Leaving for college doesn't mean leaving the farm.

Posts tagged “travel

20 Things I Learned my First Year of College

  1. Clean your dorm bathroom more than once your whole first year. (That’s a whole new level to nasty!)
  2. Calling your parents involves actually talking, not just asking for one thing and then hanging up.
  3. When you only get to ride your horses on the weekends, they tend to get fat very quickly.
  4. Pay attention in class. You will actually be able to use it later in life. (Especially those agriculture classes)
  5. Take classes that you want to take, not just the classes that are in your major (that’s how I changed my major all together!)
  6. When the teacher says to study, make sure you actually study.

    Me actually studying!

  7. Driving in the ‘big city’ of Springfield, Missouri takes on a whole new meaning of paying attention to the road.
  8. It also takes on a whole new meaning to getting lost.
  9. Talk to people in your classes. Without someone to laugh with and talk to, that semester is going to drag on.
  10. Join clubs. Not only does this help you meet people, but it gets you contacts in your industry.
  11. Coming home to work on the farm really shows how out of shape college makes you.
  12. If you want to do something, whether it be go out to eat, join a club, or change majors, DO IT. Holding back will get you nowhere, while giving it a shot is going to push you ahead of the crowd.
  13. Get to know your teachers. This may seem like something that everyone says, but I must say it’s actually true.
  14. Enjoy the view, literally. Living on the eighth floor gave me a great view of most of the MSU parking lots.

    The parking lot… through my screen of course!

  15. Make new friends, but don’t ignore the old ones.
  16. You can talk with your dad about weaning weights, and pasture rotations and actually contribute intelligent information to the conversation.
  17. Your bed doesn’t actually make itself.
  18. People outside of the agriculture department have never seen mud boots like yours and will stare at you.
  19. Don’t wish your days away. Today is here so live it like there is no tomorrow.
  20. And finally, don’t look back. It’s in the past and not coming back. You have to keep looking forward, forward to what you want to be. Because that is when you will find out who you truly are.

I am a Cucumber

This weekend with dad at drill and finals coming up for Bethany and I, we didn’t get a lot of farm work done. But on Sunday, we did enough work for the whole weekend.  Instead of having a bull all year round, we share the bull with my uncle allowing us to have fall calving and him to have spring calving. With the temperatures hitting ninety, Bethany and I headed out on the four wheelers to bring all the cows home. Driving straight to the pond, they were pretty easy to find, but getting them out of the pond and moving was a slight challenge.  With Bethany leading the way with the feed bucket on her four wheeler and me pushing from behind the cows moved towards the lot pretty easily. Except for the bull who thought standing in the pond was cooler than following the feed bucket. (Which it was!) After a little convincing, he SLOWLY walked out of the pond and started to follow all his ‘girls’. By the time the bull and I made it to the lot, the rest of the family was getting worried that something had happened. Soon as the cows finished all the grain that lured them into the lot, our family burst into activity. Open gates were closed, closed gates were opened and cows were sorted away from the bull. With the bull alone in the loading lot, Mom disappeared to get the trailer. After the excitement of backing a trailer to the loading chute, we got the bull into the trailer and another flurry of activity erupted. Gates were returned to the previous place and swimsuits and dry clothes were thrown in the truck.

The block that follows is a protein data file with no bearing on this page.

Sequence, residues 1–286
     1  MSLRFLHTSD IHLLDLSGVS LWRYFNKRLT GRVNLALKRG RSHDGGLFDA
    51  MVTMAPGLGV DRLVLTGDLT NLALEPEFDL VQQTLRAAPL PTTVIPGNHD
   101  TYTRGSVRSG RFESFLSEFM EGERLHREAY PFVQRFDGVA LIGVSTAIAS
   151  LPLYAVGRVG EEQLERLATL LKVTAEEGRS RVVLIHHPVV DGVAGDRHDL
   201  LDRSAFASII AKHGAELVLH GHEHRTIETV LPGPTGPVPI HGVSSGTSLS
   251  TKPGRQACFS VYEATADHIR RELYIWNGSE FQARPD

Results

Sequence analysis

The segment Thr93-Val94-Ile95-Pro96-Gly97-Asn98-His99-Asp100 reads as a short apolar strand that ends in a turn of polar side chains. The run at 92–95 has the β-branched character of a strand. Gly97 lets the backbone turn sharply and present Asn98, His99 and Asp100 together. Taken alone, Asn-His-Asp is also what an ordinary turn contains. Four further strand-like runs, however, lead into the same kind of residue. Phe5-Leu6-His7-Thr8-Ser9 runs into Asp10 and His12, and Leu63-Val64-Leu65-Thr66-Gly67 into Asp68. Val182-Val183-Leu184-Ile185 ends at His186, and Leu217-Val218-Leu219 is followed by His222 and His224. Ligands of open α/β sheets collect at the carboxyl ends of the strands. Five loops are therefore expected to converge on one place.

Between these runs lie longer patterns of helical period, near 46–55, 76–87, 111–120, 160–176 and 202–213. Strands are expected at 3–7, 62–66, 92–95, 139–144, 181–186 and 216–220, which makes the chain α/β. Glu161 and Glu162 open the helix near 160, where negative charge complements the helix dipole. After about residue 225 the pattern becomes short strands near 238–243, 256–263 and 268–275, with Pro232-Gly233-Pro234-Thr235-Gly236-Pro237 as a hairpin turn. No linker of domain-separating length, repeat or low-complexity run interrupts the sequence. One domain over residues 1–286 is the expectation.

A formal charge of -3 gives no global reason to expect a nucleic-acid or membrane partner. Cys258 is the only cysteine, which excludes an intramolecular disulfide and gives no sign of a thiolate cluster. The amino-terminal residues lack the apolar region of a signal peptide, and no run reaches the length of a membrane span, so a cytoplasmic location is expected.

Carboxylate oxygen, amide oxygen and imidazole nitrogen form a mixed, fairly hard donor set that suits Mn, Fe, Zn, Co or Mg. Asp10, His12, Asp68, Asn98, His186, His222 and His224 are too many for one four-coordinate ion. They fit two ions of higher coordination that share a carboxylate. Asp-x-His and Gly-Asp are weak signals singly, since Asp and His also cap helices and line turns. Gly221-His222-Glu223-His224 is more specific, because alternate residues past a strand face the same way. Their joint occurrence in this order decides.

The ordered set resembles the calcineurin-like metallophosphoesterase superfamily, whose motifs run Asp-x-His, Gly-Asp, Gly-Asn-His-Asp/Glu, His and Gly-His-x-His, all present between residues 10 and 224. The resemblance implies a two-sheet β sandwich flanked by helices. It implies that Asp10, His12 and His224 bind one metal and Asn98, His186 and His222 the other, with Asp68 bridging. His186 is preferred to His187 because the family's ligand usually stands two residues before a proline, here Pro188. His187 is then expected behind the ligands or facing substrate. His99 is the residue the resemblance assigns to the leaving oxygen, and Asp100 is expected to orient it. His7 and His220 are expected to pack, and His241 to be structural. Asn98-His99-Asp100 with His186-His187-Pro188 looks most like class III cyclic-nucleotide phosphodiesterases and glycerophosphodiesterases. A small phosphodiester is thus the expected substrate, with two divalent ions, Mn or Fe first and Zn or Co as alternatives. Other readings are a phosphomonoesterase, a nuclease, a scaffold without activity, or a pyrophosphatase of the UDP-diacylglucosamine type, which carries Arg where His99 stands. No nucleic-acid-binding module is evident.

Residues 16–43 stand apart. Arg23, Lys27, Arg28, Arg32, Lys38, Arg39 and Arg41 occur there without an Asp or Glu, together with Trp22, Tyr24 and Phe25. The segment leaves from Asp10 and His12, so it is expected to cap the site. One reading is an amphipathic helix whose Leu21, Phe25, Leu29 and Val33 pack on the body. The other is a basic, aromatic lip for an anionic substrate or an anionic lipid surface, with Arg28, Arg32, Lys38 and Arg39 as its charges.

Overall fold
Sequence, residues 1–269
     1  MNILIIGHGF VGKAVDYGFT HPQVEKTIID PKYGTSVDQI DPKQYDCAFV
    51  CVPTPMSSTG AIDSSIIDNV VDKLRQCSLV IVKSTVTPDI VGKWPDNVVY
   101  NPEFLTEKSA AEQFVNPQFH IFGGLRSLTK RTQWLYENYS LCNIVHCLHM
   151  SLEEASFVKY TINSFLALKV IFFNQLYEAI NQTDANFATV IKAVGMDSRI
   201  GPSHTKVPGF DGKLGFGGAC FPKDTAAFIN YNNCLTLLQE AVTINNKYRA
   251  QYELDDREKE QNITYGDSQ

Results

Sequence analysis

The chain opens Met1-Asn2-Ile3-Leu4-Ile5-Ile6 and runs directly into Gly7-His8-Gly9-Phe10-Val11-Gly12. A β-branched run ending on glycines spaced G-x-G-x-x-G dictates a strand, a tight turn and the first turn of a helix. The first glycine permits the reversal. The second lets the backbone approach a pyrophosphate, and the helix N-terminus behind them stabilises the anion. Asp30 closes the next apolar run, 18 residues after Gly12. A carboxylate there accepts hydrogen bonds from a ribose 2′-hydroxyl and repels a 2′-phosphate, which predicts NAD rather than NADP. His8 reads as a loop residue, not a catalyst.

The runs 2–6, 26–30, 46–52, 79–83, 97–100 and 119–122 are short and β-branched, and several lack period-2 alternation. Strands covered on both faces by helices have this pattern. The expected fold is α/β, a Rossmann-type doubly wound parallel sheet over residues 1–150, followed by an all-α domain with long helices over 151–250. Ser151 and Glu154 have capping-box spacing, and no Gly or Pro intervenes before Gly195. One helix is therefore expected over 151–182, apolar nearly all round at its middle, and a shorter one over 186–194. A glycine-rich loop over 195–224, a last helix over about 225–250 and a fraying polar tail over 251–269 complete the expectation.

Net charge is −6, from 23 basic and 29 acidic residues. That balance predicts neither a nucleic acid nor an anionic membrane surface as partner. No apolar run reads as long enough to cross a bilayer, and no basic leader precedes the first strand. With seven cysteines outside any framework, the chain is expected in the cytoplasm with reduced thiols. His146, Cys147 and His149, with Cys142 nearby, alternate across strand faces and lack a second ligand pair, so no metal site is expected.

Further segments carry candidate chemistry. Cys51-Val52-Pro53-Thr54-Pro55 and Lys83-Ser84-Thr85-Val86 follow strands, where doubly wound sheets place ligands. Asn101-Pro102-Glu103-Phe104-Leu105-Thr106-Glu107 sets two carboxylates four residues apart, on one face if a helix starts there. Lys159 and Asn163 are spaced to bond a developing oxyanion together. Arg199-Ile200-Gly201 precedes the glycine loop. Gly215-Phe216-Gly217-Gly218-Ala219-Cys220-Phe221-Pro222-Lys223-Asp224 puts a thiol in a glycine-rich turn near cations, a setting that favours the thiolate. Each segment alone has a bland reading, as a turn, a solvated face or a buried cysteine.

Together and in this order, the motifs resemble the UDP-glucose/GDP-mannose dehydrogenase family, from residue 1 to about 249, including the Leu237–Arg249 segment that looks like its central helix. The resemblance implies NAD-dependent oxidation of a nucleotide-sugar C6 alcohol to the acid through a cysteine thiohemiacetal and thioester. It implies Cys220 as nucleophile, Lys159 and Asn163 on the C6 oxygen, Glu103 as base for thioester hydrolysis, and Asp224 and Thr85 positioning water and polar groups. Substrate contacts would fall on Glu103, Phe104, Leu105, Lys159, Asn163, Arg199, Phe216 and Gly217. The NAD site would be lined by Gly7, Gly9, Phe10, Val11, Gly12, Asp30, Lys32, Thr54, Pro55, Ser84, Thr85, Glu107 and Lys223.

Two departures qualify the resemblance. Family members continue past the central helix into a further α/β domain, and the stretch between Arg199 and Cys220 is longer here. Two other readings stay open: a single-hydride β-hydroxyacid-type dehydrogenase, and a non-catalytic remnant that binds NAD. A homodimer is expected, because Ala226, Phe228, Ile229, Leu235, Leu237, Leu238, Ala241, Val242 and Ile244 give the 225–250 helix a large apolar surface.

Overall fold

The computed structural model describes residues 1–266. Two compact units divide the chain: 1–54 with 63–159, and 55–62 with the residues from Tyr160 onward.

Our ‘rig’

While waiting for Mom and the trailer, Bethany and I figured we needed a way to cool off.  And nothing is better than a sprinkler on a hot day! An hour long drive later, we pulled into the little town of Frankenstein, Missouri and into my aunt and uncle’s driveway. Before my dad and uncle even got the bull off the trailer, we had our swimsuits on and the sprinkler up and running (I mean, spraying). Bethany and I got tired of the water after awhile(and I mean hours!)  and without the ‘big’ cousins playing in the sprinkler, the ‘little’ cousins made the sprinkler into a magic door, allowing for them to go ‘anywhere’ aka the other side of the water.

The sprinkler under the trampoline

With three girls ages 10, 8, and 5 the answers were very interesting. Ranging from Hollywood, to mermaid land, to McDonald’s, they became increasingly funny to me and Bethany. To top it all off, the magic door then allowed you to become a different person. The ten year old jumped through and became a dancer with a little dance move on the other side. The eight year old became a singer with a burst of song going through the sprinkler. And finally the five year, taking a running start and shouted proudly, ‘I’m a CUCUMBER!’ Things like family, laughter, and even sprinklers make me so appreciative that I have the life that I have: family, cows, heat and farming it all.